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Flooding Threat from Massive Snowpack

During the winter season of 2013-2014 there have been many more avalanches than in previous years. The season has been the harshest in decades — in some localities, the harshest in centuries. In certain areas, snowfall has broken ALL records since recording began over a 100 years ago.

It seems that every day brings another story of snowmobilers, skiers, or hikers being swept away by an avalanche. In late February of 2014, an avalanche roared into a residential area of Missoula, Montana, leveling a home and burying three people. Fortunately, the three victims were uncovered by rescuers and transported to a hospital.

Meanwhile, in California, months of extreme record-breaking drought were interrupted by furious storms that will not break the drought, but have produced dangerous mudslides and widespread flooding. When parched, cracked ground is deluged suddenly, little of the water is able to penetrate the hard-packed earth, and the vast majority of the water runs off; often in exactly the wrong direction.

Conversely, in most of the continental US, this winter has brought too much precipitation. Areas that have been persistently inundated this winter now have ground that cannot absorb any more water. And yet, many of these areas have an immense snowpack that will inevitably melt, resulting in far too much water — all at once — for the sodden ground to soak up.

Record snowfall, particularly in the western states, has produced a mountainous snowpack that exceeds a depth of 23′ in some places. The impact of this much snow, melting all at once, cannot be taken lightly. There is simply no place for all that water. Should a sudden thaw take place, disaster experts predict flooding of biblical proportions.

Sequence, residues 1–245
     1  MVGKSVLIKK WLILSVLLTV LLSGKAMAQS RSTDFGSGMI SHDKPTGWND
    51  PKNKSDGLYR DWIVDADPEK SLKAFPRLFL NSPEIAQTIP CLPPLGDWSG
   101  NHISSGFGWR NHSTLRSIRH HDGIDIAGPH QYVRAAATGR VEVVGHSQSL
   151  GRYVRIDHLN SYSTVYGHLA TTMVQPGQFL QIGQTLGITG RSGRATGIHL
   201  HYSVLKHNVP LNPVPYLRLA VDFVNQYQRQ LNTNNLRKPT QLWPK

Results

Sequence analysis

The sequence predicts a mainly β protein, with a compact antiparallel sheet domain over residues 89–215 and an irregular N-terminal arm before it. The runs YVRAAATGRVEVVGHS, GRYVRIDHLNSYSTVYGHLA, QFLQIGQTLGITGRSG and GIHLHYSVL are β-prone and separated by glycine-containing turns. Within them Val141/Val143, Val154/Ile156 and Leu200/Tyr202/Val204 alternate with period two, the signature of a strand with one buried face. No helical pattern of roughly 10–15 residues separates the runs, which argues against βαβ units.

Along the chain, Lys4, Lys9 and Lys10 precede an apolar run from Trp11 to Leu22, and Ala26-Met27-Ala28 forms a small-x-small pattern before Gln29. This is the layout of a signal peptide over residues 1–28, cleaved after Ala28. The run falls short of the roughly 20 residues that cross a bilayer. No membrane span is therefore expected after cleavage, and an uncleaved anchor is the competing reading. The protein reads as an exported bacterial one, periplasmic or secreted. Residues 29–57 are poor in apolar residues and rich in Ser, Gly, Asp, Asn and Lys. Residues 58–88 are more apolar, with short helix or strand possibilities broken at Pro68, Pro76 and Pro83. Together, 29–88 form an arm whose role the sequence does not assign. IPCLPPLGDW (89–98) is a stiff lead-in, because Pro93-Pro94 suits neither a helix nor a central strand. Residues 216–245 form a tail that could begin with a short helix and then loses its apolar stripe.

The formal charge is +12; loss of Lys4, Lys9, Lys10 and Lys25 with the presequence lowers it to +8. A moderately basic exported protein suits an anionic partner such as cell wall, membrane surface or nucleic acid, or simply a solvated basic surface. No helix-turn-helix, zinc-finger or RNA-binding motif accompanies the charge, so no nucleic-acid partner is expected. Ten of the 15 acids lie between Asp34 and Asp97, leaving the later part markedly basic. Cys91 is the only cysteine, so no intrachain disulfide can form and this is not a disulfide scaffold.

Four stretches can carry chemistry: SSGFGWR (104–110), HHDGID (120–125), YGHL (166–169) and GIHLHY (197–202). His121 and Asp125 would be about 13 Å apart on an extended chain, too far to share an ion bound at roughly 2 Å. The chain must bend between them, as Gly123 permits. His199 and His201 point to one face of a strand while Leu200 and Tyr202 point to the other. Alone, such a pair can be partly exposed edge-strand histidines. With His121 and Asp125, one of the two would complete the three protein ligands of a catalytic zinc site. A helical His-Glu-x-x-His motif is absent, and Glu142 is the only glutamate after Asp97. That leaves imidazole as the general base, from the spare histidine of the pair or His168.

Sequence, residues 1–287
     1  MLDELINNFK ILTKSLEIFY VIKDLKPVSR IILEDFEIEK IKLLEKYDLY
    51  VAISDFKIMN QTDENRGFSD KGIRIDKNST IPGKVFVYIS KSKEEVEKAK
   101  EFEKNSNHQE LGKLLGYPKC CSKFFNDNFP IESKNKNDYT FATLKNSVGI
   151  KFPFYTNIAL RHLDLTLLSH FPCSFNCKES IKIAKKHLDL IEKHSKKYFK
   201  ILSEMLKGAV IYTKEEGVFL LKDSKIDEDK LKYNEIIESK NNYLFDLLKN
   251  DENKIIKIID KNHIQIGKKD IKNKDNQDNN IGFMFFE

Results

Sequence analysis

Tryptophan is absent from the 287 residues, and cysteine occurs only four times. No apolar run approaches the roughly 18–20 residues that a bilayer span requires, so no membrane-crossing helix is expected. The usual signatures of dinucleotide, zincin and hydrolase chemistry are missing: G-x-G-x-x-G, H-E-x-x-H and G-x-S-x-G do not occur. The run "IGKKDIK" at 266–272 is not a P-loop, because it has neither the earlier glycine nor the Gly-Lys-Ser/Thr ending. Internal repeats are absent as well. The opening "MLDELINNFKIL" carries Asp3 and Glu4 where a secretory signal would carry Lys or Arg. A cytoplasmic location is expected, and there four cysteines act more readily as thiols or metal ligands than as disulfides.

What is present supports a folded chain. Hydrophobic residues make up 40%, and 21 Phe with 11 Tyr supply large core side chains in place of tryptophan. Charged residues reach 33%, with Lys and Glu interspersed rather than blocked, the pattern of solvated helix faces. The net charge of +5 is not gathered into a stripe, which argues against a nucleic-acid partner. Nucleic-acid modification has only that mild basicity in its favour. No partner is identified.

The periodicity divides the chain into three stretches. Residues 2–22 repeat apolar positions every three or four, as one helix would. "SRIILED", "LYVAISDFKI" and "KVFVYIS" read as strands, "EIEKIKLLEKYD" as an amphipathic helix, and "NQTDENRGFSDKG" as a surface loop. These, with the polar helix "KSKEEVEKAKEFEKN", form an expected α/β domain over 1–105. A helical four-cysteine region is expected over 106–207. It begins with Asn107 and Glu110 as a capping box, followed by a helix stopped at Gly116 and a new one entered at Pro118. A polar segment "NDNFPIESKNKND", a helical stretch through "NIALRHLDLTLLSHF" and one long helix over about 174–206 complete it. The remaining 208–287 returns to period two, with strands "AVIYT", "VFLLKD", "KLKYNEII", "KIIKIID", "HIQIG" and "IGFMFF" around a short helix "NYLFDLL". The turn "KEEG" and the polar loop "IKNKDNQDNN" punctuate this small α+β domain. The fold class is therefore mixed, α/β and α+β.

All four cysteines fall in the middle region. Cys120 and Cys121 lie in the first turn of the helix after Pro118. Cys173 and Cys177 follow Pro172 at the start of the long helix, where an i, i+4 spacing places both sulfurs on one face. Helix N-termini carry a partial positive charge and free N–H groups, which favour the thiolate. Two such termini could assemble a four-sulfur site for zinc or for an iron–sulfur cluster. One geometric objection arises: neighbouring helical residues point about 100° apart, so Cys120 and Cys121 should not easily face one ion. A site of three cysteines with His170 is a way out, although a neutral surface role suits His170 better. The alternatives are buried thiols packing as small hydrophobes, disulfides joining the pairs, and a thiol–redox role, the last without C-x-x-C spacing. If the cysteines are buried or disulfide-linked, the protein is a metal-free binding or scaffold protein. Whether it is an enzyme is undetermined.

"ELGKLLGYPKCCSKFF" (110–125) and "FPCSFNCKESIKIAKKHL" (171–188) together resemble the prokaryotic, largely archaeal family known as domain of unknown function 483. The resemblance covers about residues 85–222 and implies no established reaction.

Rivers that are already at the bursting point will be presented with massive amounts of runoff from snowpack melt. Add to that the normal spring showers that happen every year, and these rivers will surely breach banks, levees, and flood walls this spring. Authorities from Montana to Maryland are anxiously eyeing weather reports and stepping up flood defenses.

Floods kill more people than hurricanes, lightning, or tornados in a given year, and this spring thaw could bring deadly results in communities that lack proper flood barriers. Even those that do have new flood barriers will see the defenses tested in real time — with a disastrous price for failure. A winter marred by many avalanche deaths could make way for a spring that brings many more flooding casualties.


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